When you think of February 14th, your mind probably envisions red boxes of chocolate and long-stemmed, red roses. What you likely don’t think of is blood, or rather blood donation – but maybe you should. In addition to being a day of romance, Valentine’s Day is also National Donor Day, which focuses on on five aspects of life-saving donation: organs, tissues, marrow, platelets, and blood. To honor this day, many business and nonprofits sponsor blood drives to ensure local blood banks are stocked with critically needed donor blood.
Keep reading to learn more about how blood donors save lives, and what you need to do to donate blood.
How Donor Blood Saves Lives
Trauma victims and those with blood or clotting disorders depend on blood donations to stay alive. In fact, a single car accident victim could need as many as 100 pints of blood to survive their injuries. In the United States, someone needs a blood transfusion every 2 seconds due to trauma or surgical complications. Additionally, people with clotting diseases or sickle cell disease require blood transfusions throughout their lives to stay healthy. Simply put, without well-stocked blood banks some of our friends and neighbors may not be alive today.
Do you know your blood type? If not, you should check with your doctor the next time you have a blood draw. In the event of an emergency, rescue personnel need to know what type of blood to give you, and fast. There are 8 main blood types (A+, A-, B+, B-, O+, O-, AB+, AB-) as well as some rare types. The most common blood type among most ethnic groups is O+. However, O- is known as the universal donor, meaning that if you have O- blood, your donation can be used in the event a patient’s blood type is unknown.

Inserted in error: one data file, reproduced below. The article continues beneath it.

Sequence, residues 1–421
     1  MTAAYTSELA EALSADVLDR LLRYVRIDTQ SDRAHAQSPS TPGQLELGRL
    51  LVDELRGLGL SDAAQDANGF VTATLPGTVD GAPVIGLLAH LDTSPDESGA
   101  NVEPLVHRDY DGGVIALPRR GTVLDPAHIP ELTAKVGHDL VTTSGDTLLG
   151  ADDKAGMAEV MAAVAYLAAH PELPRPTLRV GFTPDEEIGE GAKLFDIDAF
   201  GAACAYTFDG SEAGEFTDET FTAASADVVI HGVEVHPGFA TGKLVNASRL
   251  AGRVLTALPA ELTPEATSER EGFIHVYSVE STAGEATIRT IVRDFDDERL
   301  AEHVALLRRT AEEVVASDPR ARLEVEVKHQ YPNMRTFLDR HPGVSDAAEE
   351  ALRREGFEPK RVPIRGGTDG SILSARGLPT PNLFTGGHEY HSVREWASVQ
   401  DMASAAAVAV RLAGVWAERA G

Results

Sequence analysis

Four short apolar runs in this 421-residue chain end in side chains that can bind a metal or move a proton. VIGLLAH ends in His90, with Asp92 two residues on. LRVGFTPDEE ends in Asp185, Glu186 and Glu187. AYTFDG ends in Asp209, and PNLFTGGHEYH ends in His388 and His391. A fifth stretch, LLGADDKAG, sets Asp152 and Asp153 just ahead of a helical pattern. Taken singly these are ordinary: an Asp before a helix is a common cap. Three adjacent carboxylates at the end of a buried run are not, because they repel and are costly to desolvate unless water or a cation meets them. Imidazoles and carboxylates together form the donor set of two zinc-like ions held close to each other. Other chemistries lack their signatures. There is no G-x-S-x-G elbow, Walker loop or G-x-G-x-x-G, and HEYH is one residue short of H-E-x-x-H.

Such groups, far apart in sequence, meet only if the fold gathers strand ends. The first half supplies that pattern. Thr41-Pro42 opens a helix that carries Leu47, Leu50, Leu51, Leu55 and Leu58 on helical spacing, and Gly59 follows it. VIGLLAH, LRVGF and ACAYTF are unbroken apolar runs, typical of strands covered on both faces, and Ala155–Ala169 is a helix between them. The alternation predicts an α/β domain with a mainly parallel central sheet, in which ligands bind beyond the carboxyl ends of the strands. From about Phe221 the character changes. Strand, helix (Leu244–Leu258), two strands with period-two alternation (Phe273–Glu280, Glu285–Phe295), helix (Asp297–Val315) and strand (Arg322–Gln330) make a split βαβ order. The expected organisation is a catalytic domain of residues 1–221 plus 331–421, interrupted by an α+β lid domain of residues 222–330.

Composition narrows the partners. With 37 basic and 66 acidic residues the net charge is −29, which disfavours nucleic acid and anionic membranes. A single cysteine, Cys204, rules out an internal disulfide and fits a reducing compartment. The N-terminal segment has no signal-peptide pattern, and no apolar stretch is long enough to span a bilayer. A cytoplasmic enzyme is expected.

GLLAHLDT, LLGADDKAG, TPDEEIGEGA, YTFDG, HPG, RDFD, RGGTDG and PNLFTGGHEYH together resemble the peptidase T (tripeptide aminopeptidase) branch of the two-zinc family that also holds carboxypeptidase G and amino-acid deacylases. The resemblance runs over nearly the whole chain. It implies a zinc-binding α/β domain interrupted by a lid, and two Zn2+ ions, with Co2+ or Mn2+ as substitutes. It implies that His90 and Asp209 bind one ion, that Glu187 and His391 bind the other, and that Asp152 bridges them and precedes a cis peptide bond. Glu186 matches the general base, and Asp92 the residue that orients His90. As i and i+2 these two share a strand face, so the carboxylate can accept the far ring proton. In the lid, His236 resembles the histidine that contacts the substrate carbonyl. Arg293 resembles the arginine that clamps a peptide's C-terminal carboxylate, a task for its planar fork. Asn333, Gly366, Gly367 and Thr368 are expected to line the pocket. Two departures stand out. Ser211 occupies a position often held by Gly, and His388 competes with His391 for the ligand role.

How to Donate Blood
As you can see, the reasons to donate blood are compelling, and 60% of the population is eligible to do so. The process of blood donation is quick and easy, although there are a few steps to ensure you’re an eligible donor.
Whole Blood Donation Basics
All donors must meet the following requirements:
- Over 110 lbs
- In good health
- Over 16 years old
- Haven’t donated in the last 56 days
What to Expect During a Blood Donation
When you arrive at the blood donation center, you will first be asked to register and show your ID. Next you’ll go through a brief medical exam and overview of your medical history. You’ll be expected to report any medications you’re currently taking, as well as places you’ve travelled in the past few years.
If you’re cleared to donate, a staff person will cleanse your arm, and insert a sterile needle for the blood draw, which is quick and relatively painless. You’ll lay down for 8-10 minutes while roughly a pint of blood is collected. When the donation is complete, your arm will be bandaged, and you’ll be offered a light snack while you take a short rest to regain your energy.
That’s it! You’re free to go and are eligible to donate again in 56 days.
Tell Us Why You Donate!
Do you regularly donate blood to help those in need? Tell us why you make blood donation a priority in the comments section below.